stephen pinker is definitely the man you need.

I know that Pinker's big in his field but I think he (and Chomsky) are fundamentally wrong on some things. Dan Everett's work is terrific.

Thanks, dad!
05-07-2009, 04:56 PM
you might want to rethink that. he's far from being as established as pinker or even chompsky. i'm aware of his work but the evidence for universal grammar is vast and very convincing (unless you're a conservative;)

cognitive madisonian
05-07-2009, 05:01 PM
you might want to rethink that. he's far from being as established as pinker or even chompsky. you should read what everett's critics have to say.

Oh, I know that Everett is still on the outside of the circle in the field, but I think that's more due to Chomsky's academic hegemony. Admittedly Chomsky has contributed as much to linguistics as any great scholar has contributed to his/her field, but I think that many of his basic assumptions, not least of which is the inherent presence of recursion in all human languages, as well as quite possibly the very idea of universal grammar, will dissipate into the annals of scholarship past.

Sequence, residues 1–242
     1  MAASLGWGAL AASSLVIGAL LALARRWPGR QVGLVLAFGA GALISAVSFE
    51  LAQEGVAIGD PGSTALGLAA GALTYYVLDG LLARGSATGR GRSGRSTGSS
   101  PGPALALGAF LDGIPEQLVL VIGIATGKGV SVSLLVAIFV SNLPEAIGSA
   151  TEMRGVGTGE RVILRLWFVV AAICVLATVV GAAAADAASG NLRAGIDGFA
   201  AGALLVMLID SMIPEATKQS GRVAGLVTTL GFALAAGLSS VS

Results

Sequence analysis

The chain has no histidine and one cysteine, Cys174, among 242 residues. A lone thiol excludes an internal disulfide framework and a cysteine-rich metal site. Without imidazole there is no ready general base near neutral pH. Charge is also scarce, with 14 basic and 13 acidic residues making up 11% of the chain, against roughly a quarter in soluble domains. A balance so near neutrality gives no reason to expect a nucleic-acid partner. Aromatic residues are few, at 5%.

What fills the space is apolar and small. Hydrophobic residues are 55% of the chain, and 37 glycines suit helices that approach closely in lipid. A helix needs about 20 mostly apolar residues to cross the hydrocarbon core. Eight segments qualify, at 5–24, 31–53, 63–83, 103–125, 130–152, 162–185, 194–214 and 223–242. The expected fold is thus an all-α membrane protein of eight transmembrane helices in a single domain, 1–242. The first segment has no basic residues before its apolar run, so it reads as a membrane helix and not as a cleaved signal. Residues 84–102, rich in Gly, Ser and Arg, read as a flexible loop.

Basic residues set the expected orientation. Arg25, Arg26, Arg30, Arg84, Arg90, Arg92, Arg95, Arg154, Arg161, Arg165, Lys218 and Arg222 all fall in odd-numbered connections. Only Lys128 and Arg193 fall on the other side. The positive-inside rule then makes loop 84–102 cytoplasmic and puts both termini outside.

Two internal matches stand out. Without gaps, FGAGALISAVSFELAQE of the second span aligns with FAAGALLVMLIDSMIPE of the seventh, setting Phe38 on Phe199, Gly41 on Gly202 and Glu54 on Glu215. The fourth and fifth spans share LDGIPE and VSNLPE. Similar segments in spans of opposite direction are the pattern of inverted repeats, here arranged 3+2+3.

Thanks, dad!
05-07-2009, 05:06 PM
you should read Nicholas Wade's new book ,then, because his language chapter is quite long. believe me, i wasn't completely convinced either, but once you look at the list of evidence you actually get bored it's so long.

cognitive madisonian
05-07-2009, 05:14 PM
you should read Nicholas Wade's new book ,then, because his language chapter is quite long. believe me, i wasn't completely convinced either, but once you look at the list of evidence you actually get bored it's so long.

I'll look into it, but be advised that it's going to be a hard sale ;)

Thanks, dad!
05-07-2009, 05:29 PM